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The Making of Law: An Ethnography of the Conseil d'Etat
In this book, Bruno Latour pursues his ethnographic inquiries intothe different value systems of modern societies. After science,technology, religion, art, it is now law that is being studied byusing the same comparative ethnographic methods. The case study isthe daily practice of one of the French supreme court, the Conseild’Etat, specialized in administrative law (the equivalent ofthe Law Lords in Great Britain). Even though the French legalsystem is vastly different from the Anglo-American tradition, itjust happens that this branch of French law, although created byNapoleon Bonaparte at the same time as the Code-based system, isthe result of a home grown tradition constructed on precedents.Thus, even though highly technical, the cases that forms the matterof this book, are not so exotic for an English speaking audience.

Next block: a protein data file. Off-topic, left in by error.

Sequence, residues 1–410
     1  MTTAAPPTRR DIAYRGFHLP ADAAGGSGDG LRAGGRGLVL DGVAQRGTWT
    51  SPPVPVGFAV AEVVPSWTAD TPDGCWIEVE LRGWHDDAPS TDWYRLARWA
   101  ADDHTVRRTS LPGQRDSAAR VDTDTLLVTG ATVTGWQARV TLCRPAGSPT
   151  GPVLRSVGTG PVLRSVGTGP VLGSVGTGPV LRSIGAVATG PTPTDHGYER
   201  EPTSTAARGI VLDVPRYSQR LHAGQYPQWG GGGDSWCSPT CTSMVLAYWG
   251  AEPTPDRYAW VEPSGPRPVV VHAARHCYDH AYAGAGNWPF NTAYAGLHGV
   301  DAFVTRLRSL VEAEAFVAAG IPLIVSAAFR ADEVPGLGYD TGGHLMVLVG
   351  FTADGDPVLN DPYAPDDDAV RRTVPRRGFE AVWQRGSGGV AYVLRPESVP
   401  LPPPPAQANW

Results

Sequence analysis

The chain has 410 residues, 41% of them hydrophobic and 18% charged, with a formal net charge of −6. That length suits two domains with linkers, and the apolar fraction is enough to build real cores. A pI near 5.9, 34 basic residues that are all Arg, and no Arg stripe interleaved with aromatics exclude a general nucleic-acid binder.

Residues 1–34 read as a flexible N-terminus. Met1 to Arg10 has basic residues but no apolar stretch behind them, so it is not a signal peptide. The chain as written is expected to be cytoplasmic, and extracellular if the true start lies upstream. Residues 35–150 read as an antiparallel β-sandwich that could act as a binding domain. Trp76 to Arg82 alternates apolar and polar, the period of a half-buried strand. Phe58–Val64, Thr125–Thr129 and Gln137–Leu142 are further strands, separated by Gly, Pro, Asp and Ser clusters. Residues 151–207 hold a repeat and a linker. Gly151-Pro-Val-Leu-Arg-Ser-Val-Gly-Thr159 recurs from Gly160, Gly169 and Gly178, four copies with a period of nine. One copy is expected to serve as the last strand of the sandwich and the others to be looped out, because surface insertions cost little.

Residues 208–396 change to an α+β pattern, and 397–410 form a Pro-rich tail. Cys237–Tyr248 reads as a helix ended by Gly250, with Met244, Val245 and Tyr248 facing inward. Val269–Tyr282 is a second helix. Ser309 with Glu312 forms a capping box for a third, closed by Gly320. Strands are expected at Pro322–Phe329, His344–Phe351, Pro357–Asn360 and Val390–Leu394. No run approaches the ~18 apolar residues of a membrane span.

What makes this study an important contribution to the socialstudies of law is that, because of an unprecedented access to thecollective discussions of judges, Latour has been able toreconstruct in details the weaving of legal reasoning : it isclearly not the social that explains the law, but the legal tiesthat alter what it is to be associated together. It is thus a majorcontribution to Latour’s social theory since it is nowpossible to compare the ways legal ties build up associations withthe other types of connections that he has studied in other fieldsof acticity. His project of an alternative interpretation of thevery notion of society has never been made clearer than in thiswork. To reuse the title of his first book, this book is in effectthe Laboratory Life of Law.